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Mercedes AMG GT (2014-2022) review – engine, gearbox and technical highlights

The dry-sumped version of AMG’s superb V8 dominates the whole experience; the dual-clutch gearbox keeps improving too

Evo rating
Price
from £96,845
  • Drivetrain; styling; dynamics
  • Steering isn’t as communicative as it could be

The GT’s M178 engine is the dry-sumped brother of the M177 engine found across AMG’s range. That means it has a displacement of 3982cc and two turbochargers residing in the 90 degree V. In standard GT form it produces 523bhp between 5500rpm and 6750rpm, around 50bhp more than it did at launch. Like all AMG V8s, torque is also strong, peaking at 494lb ft on a plateau between 2100rpm and 5500rpm. GT R models up the game with 577bhp at 6500rpm and 516lb ft, figures that put it ahead of key rivals like the Porsche 911 GT3, but short of the brawniest Audi R8 Performance.  

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On both road and track, performance of the Mercedes-AMG GT never feels anything less than ballistic. Despite being turbocharged, throttle response is fantastic, punching you out of every corner and actually matching the alacrity of the handling. The V8 then hauls with an unrelenting ferocity down the straights, reeling in the horizon in an almost surreal fashion. With the exhaust button pressed, all this is of course overlaid with a soundtrack that gargles blood and thunder like some sort of tetchy Norse god.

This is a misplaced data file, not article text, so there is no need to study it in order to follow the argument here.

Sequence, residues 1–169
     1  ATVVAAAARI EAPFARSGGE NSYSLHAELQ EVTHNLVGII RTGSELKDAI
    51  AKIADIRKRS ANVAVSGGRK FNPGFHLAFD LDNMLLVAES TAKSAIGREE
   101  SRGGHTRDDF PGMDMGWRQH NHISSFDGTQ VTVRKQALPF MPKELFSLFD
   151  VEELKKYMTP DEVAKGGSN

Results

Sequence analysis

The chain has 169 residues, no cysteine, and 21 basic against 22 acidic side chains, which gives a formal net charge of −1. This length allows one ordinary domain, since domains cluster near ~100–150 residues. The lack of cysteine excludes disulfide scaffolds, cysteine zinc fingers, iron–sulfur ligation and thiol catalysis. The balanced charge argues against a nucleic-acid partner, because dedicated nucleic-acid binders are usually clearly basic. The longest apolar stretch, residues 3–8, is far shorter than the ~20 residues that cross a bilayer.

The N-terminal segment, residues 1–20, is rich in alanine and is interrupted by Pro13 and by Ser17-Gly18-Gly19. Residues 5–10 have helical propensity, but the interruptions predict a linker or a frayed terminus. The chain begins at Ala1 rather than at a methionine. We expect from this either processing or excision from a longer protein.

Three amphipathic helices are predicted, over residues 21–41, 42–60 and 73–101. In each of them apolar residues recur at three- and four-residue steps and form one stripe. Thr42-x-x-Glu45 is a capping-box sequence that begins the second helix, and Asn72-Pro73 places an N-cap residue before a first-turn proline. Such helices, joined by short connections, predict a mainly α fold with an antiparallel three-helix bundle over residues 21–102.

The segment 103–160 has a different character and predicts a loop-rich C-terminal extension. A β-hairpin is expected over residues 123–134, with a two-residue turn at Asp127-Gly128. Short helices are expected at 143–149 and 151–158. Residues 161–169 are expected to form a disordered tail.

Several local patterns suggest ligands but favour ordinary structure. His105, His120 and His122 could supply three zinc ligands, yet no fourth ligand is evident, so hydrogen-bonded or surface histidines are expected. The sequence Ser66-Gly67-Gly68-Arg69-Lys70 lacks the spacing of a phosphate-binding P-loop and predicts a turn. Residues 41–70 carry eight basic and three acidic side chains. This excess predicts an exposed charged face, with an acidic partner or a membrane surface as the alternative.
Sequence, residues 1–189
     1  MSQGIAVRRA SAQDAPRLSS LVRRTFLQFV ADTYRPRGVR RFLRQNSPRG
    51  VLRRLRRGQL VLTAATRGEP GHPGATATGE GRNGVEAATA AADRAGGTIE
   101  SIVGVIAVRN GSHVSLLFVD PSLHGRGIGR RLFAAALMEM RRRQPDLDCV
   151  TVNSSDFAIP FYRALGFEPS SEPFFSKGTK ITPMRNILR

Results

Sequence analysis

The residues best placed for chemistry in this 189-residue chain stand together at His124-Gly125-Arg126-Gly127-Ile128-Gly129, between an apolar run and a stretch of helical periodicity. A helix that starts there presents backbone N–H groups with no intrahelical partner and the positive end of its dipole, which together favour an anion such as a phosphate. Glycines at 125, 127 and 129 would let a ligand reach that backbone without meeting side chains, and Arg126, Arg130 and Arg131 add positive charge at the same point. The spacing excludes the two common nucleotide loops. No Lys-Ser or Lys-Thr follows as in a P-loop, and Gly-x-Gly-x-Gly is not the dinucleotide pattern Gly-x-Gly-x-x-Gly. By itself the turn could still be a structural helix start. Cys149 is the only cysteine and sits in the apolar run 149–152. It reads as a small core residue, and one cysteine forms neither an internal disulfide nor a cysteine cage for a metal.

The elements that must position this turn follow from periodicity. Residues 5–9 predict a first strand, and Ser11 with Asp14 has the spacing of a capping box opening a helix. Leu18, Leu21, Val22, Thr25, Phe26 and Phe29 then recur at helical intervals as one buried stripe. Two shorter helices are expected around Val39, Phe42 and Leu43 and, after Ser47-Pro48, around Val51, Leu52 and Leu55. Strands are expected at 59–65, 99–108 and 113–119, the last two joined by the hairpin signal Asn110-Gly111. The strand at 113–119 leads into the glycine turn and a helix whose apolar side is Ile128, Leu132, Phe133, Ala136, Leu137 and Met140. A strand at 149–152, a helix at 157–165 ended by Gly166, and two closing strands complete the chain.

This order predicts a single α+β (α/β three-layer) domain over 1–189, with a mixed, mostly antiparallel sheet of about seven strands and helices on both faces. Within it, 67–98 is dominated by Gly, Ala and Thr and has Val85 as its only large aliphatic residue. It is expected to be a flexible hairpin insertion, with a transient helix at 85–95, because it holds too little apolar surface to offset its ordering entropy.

Where fast Mercedes models of the past have often fallen a little short is in the gearshift. However, AMG has got it sorted with the GT. The seven-speed dual-clutch ‘box cracks through upshifts as smartly as you like, but more importantly it will also down-shift when you ask it to. It still can’t quite match a Ferrari ‘box for overall downshift speed and theatre but the mere fact we’re making the comparison means it is a huge step on.

The GT Black Series goes on its own path, holding onto the same underlying engine architecture, but swapping out the traditional cross-plane crank for a supercar-style flat plane crank. This makes the V8 inherently better balanced, allowing engineers to pack a whole lot more performance into it without the engine shaking itself to pieces. The compromise comes in its aural quality, which sounds far more like a four-cylinder than its exotic ingredients would suggest. Still, the Black Series’ figures are well beyond any GT so far, with 720bhp at 6700rpm, with torque also up to 590lb ft. 

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